But, unfazed by the alleged "stuffiness" the uninitiated think is a necessary characteristic of the ballet audience, the baseball-cap-coiffed gentleman sitting next to me at the Vail International Dance Festival was tucking into a mustard-drizzled sausage on a bun before the show. On my other side, a couple of women were clutching a bottle of wine and two plastic cups. Behind us, beyond the covered seating area, the lawn of the Gerald Ford Amphitheater was chockablock with picnicking dance lovers.
This informality is just one of the things that make watching dance in Vail such a unique experience. You would think you were about to see the local high school musical... except that the performers at VIDF include some of the top names in international ballet. This year we were treated to such stars as Sara Mearns, Yuan Yuan Tan, Isabella Boylston, Tiler Peck, Misty Copeland, Herman Cornejo, Misa Kuranaga,and Wendy Whelan, plus more, including New York City Ballet's Joseph Gordon, a corps de ballet member you should definitely keep an eye on (see his airborne jumps at the beginning of this video):
The other characteristic of VIDF is its remarkably eclectic programming, thanks to its Artistic Director, former New York City Ballet star Damian Woetzel. Memphis jookin rubs shoulders with Romeo and Juliet, 19th century Romanticism meets Alvin Ailey's Revelation, and that one-man versatility machine, Balanchine, is represented in all his guises: black and white, tutu, classical virtuosity, beautiful lyricism, Tchaikovsky to Stravinsky to Gershwin to Sousa. Speaking of versatility, I am convinced that NYCB's Tiler Peck can do ANYTHING and make it look stunningly gorgeous. She took my breath away in both the Midsummer Night's Dream excerpt and in Who Cares?
Another standout, as always, was Sara Mearns, in Alexei Ratmansky's Fandango. Unfortunately her breath was literally taken away, as she succumbed to altitude sickness after her performance (Vail is above 8,000 ft) and had to be flown to sea level and a few days in hospital. It's not for nothing that oxygen tanks are kept backstage for the dancers.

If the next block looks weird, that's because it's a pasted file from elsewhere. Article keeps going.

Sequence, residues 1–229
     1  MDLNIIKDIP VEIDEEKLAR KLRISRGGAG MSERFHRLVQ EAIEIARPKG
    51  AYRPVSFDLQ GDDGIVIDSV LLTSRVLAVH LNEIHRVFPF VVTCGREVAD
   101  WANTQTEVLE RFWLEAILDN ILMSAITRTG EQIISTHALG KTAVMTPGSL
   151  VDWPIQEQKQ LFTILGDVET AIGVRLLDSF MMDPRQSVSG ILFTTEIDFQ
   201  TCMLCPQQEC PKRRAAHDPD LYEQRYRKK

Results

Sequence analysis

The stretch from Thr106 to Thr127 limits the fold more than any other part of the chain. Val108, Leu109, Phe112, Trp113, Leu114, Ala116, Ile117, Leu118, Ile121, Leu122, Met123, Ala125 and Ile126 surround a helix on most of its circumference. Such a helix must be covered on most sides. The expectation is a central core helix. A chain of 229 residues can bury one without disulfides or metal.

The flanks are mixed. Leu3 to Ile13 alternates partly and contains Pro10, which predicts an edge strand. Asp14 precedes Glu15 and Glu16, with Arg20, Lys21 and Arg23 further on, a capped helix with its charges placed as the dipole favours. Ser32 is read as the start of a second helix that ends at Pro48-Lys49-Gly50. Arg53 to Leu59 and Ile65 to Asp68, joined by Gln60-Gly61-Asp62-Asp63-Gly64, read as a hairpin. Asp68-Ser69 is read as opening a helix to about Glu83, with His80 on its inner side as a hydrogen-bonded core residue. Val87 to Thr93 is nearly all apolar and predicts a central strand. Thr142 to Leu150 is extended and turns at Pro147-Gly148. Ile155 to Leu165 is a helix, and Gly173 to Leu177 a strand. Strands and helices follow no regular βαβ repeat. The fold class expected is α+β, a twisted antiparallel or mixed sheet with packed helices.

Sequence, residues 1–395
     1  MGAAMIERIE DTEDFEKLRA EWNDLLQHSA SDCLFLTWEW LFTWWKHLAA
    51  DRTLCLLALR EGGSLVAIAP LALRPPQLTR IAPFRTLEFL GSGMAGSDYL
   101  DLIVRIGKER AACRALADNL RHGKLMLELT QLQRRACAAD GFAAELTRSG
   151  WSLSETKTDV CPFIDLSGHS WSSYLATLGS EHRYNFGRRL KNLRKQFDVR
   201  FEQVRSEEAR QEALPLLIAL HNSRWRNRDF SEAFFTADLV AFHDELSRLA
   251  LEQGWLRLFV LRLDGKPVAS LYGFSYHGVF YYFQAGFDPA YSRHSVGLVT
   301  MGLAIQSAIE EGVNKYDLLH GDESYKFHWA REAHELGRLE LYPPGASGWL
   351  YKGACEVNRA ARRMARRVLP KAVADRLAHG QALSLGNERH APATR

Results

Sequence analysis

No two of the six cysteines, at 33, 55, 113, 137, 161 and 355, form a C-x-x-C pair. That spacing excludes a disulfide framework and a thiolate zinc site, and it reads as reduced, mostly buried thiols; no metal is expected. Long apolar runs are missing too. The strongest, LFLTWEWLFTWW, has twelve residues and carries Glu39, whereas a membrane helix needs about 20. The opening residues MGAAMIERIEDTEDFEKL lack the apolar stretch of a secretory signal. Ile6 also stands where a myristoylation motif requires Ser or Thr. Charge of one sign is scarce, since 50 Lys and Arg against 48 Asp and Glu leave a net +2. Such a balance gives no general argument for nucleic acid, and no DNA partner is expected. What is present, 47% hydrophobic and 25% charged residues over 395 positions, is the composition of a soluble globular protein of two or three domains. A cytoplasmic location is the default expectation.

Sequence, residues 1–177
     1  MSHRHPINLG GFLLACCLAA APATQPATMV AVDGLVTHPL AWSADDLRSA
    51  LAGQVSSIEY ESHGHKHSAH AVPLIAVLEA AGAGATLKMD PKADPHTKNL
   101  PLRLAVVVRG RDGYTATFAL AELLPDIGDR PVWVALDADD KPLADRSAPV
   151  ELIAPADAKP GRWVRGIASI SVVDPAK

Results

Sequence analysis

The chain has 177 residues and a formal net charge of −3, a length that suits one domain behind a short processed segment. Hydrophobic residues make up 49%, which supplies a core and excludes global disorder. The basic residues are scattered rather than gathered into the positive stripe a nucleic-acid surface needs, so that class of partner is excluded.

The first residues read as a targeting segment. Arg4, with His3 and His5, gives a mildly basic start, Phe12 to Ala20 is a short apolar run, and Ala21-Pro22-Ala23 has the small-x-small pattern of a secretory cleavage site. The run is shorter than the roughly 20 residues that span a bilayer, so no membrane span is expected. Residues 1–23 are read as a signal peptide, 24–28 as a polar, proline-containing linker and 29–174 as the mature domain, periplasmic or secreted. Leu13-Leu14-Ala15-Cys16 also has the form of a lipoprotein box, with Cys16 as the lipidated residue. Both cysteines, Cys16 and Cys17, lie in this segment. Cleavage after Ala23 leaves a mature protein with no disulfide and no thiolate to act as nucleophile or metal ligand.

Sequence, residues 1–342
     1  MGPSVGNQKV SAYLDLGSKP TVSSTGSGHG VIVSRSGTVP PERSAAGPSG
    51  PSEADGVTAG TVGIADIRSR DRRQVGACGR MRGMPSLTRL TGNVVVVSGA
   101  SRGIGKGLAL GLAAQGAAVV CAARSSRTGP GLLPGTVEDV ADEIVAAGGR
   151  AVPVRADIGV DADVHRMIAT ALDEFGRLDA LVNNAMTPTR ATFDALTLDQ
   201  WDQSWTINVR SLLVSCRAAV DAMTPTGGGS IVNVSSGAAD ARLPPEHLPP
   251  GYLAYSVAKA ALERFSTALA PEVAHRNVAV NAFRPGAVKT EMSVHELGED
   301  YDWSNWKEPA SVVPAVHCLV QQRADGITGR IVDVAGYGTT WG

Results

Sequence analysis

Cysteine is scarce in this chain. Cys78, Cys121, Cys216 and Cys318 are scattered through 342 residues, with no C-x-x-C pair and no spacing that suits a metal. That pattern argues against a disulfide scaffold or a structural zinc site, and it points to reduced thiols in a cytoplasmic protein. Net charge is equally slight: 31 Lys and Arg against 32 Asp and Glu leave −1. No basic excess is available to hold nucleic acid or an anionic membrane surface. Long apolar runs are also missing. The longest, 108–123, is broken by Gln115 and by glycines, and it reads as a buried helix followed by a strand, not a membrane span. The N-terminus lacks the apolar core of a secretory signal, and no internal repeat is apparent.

Another aspect that makes Vail a must-visit for the ballet lover is the beautiful setting. In the videos above and in this picture from Sara Mearns' instagram,
you can see the amazing "backdrop" of the stage: a planting of living flowers interspersed between six Colorado (naturally!) Blue Spruce trees. To get to the theatre from the bus stop you cross the cascading Gore Creek by means of this charming covered bridge (one of several in Vail).
Best known as a ski resort, it is hard to imagine how the town could be more beautiful in winter than in summer. Created artificially out of sheep-grazing pasture in 1964, Vail certainly has a faux-German/Swiss look to it, and is not like a normal town in that it is all hotels and restaurants.
But it is so tastefully done, and so bedecked with flowers, art, fountains, and streams, that one cannot help but fall under its charm. Idyllic is the word that comes to mind. Walking through the village on its pedestrian streets, one cannot take a turn without finding yet another beautiful hidden garden. They seem to have a "leave no space unlandscaped" attitude in Vail. Flowers cascade out of windowboxes. Bronze sculptures of bears, moose, and other wildlife lurk among the flowerbeds. Wind sculptures spin in the breeze:
A fantastic treelike light sculpture cycles through a myriad of colours. The walls of the many fountains and artificial waterfalls reveal more hidden wildlife:
And then there are the natural watercourses: Gore Creek cuts through the village, burbling over rocks in its shallow bed, its ripples sparkling in the sun. Various rivulets join it along its course, so the sound of rushing water is never far away.
On summer Sundays, an open-air market offering food and handicrafts takes over the pedestrian streets, and live jazz is on offer.
Up near the theatre, the Betty Ford Alpine garden is another haven of tranquil beauty:
You can take one of the two gondola ski lifts up another 2000 feet for a spectacular panoramic view of the mountains.
"The Vail festival spoils dancegoers. We start to feel that every theater should be surrounded by pine-clad mountains and approached by a path featuring a rushing river (and at least one hummingbird). There are other reasons to pay heed to the Vail International Dance Festival, but this plenitude and diversity of talent alone makes it extraordinary." Alastair Macaulay, "Vail International Dance Festival Sets Itself Apart With an Enchanting Lineup" New York Times, 11 August 2015
The Vail International Dance Festival. Not to be missed. You should go next year!
Tours en l'air will be offering a trip to Vail in 2016, August 5-8, to see the International Evenings of Dance. Further programming and dancers participating will be announced in February. Booking will open in early March.
If you love ballet, please check out my season of outstanding ballet trips by clicking here.
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